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The Georgetown-IBM experiment was an influential demonstration of machine translation, which was performed during January 7, 1954. Developed jointly by the Georgetown University and IBM, the experiment involved completely automatic translation of more than sixty Russian sentences into English.
Conceived and performed primarily in order to attract governmental and public interest and funding by showing the possibilities of machine translation, it was by no means a fully featured system: It had only six grammar rules and 250 items in its vocabulary. Apart from general topics, the system was specialised in the domain of organic chemistry. The translation was done using a IBM 701 mainframe computer.
Over 60 Romanized Russian statements regarding a wide range of political, legal, mathematic, and scientific subjects were entered into the machine by a computer operator who knew no Russian, and the resulting English translations appeared on a printer.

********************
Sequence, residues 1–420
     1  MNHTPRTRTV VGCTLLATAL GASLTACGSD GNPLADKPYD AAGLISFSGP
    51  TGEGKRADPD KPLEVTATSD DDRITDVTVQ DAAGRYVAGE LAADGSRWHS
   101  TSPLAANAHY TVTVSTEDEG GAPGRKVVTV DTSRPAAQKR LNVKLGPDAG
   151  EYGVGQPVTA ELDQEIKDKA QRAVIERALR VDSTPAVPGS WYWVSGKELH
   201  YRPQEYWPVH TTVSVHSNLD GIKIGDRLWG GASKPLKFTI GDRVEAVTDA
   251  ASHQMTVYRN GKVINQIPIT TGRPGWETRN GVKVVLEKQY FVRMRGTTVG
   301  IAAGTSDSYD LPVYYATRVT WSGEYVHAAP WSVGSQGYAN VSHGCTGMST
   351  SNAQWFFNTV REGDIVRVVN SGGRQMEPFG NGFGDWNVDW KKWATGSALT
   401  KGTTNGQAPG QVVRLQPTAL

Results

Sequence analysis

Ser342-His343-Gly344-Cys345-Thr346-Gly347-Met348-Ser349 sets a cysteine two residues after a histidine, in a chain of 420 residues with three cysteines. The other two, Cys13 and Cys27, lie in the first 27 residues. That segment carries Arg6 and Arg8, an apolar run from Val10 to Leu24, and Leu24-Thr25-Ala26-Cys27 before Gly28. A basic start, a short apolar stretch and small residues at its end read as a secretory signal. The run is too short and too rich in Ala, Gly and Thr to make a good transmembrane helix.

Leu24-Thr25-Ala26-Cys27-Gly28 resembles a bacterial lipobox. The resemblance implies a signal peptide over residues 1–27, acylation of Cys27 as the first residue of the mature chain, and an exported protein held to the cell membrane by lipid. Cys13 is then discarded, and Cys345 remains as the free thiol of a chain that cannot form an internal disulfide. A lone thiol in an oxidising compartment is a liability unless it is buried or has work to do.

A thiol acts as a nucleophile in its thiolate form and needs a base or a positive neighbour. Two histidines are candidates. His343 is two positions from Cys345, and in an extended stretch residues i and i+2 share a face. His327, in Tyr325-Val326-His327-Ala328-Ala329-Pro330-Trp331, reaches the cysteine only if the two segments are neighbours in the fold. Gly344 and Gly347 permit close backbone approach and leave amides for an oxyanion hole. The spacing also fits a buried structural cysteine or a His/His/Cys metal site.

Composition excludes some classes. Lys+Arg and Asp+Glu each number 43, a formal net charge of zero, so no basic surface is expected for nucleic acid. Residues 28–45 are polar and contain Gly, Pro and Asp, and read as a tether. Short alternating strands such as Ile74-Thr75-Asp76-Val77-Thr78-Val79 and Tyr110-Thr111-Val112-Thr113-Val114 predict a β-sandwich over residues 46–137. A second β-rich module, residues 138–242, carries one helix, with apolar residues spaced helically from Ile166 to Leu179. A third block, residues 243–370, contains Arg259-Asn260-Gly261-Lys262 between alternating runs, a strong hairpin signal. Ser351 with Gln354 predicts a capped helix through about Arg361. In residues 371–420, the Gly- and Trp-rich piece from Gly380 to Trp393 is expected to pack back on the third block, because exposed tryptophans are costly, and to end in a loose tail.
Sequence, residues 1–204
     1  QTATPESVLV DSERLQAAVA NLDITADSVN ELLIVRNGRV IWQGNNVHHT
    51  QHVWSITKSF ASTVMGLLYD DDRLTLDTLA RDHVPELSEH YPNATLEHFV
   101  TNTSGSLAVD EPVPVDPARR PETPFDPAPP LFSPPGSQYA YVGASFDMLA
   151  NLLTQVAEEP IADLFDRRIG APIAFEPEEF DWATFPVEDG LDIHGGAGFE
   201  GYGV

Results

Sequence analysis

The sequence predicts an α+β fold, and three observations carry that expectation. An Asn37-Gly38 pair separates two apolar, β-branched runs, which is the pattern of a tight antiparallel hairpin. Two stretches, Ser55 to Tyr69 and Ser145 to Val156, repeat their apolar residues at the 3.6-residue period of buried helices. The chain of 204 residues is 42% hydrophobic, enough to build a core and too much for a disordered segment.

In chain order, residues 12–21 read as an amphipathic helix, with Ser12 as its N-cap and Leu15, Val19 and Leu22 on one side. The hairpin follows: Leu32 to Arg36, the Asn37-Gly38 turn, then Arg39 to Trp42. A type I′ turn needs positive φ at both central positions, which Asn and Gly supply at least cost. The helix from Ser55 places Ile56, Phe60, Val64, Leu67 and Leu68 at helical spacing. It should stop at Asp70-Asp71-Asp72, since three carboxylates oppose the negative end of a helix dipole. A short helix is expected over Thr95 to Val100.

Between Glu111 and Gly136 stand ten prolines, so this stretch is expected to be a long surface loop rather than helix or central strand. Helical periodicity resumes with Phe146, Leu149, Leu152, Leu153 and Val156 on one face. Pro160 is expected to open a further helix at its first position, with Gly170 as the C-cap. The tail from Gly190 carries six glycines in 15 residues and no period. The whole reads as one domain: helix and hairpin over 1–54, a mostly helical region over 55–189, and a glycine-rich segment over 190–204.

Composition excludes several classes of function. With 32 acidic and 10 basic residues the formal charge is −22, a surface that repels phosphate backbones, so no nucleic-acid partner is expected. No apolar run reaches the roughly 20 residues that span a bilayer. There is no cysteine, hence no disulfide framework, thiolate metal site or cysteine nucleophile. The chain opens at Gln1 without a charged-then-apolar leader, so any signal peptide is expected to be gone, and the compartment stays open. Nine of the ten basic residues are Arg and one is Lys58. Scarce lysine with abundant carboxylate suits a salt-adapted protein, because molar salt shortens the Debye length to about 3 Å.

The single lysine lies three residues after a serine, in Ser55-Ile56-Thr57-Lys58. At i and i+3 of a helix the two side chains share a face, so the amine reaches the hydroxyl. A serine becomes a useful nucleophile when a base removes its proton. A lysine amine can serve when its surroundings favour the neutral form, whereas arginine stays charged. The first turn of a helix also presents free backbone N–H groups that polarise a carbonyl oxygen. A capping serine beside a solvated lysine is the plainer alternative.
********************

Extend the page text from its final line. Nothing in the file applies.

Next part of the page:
|Russian (Romanized)||English translation|
|Mi pyeryedayem mislyi posryedstvom ryechyi.||We transmit thoughts by means of speech.|
|Vyelyichyina ugla opryedyelyayetsya otnoshyenyiyem dlyini dugi k radyiusu.||Magnitude of angle is determined by the relation of length of arc to radius.|
|Myezhdunarodnoye ponyimanyiye yavlyayetsya vazhnim faktorom v ryeshyenyiyi polyityichyeskix voprosov.||International understanding constitutes an important factor in decision of political questions.|
Well publicized by journalists and perceived as a success, the experiment did encourage governments to invest in computational linguistics. The authors claimed that within three or five years, machine translation could well be a solved problem. However, the real progress was much slower, and after the ALPAC report in 1966, which found that the ten years long research had failed to fulfill the expectations, funding was reduced dramatically.